If a technique fails to acknowledge the potential response an attacker will make when a particular technique is employed, I know that the technique has certain failings or certain skills need to be trained in order to get it to work. It doesn’t mean the technique is a bad one, just that those who will be able to make it work, possess necessary skills, which I would need to work on and develop.
- The “it would never work on the street” argument, is one that every martial arts/self-defense instructor will have been subjected to at some point.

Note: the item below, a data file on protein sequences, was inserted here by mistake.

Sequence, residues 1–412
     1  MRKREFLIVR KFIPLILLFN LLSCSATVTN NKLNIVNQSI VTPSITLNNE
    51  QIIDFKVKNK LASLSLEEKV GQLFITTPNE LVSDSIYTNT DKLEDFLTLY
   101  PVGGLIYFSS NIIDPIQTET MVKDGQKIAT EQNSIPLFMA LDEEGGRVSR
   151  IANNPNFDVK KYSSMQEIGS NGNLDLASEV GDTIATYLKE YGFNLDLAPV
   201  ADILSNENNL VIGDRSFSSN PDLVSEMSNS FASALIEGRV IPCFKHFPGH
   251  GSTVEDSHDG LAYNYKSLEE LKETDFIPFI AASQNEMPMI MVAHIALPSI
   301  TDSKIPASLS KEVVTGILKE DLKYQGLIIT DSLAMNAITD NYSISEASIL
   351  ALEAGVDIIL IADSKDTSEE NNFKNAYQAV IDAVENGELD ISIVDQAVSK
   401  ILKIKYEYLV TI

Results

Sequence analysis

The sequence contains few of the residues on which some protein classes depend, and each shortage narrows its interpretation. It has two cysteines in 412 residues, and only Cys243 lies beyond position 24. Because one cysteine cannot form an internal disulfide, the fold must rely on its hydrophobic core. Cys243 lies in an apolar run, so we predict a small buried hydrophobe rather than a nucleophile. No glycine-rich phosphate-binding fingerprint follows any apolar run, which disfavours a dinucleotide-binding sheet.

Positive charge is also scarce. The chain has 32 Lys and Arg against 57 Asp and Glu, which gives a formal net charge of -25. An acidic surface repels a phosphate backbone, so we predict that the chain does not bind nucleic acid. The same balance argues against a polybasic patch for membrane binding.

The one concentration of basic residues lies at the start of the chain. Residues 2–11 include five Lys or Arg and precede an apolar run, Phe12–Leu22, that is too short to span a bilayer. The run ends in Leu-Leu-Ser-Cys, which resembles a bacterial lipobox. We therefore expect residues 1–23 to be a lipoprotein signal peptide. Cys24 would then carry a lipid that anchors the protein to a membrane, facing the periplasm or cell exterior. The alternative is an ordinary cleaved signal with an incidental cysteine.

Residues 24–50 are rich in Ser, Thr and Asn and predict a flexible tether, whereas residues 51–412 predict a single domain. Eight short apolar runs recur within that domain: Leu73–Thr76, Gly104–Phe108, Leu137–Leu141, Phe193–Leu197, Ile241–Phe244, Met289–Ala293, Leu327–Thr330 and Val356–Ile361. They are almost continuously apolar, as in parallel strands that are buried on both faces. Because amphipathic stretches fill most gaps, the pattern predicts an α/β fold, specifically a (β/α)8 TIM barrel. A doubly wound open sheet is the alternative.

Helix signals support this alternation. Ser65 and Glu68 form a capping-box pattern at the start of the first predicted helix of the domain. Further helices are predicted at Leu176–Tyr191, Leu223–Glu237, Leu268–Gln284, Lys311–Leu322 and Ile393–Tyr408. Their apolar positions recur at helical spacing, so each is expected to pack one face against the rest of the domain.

- A fight is a dynamic thing, and sometimes an aggressor’s fast movement, and close proximity make things that worked well in the studio, fall apart extremely rapidly, in real life.
- The reason I look to do this, is because I know my attacker will begin to retract/retain their weapon, as soon as I try to control it.
“Everything was going great, and we were all broadly agreeing with each other’s input, when I demonstrated a certain knife control.”